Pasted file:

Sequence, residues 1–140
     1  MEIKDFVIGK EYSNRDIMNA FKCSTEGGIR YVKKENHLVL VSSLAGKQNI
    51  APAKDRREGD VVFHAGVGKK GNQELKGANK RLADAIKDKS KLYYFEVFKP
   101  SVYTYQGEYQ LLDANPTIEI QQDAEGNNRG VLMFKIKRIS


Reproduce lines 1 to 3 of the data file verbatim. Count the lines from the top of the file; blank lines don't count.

Sequence, residues 1–140
     1  MEIKDFVIGK EYSNRDIMNA FKCSTEGGIR YVKKENHLVL VSSLAGKQNI
    51  APAKDRREGD VVFHAGVGKK GNQELKGANK RLADAIKDKS KLYYFEVFKP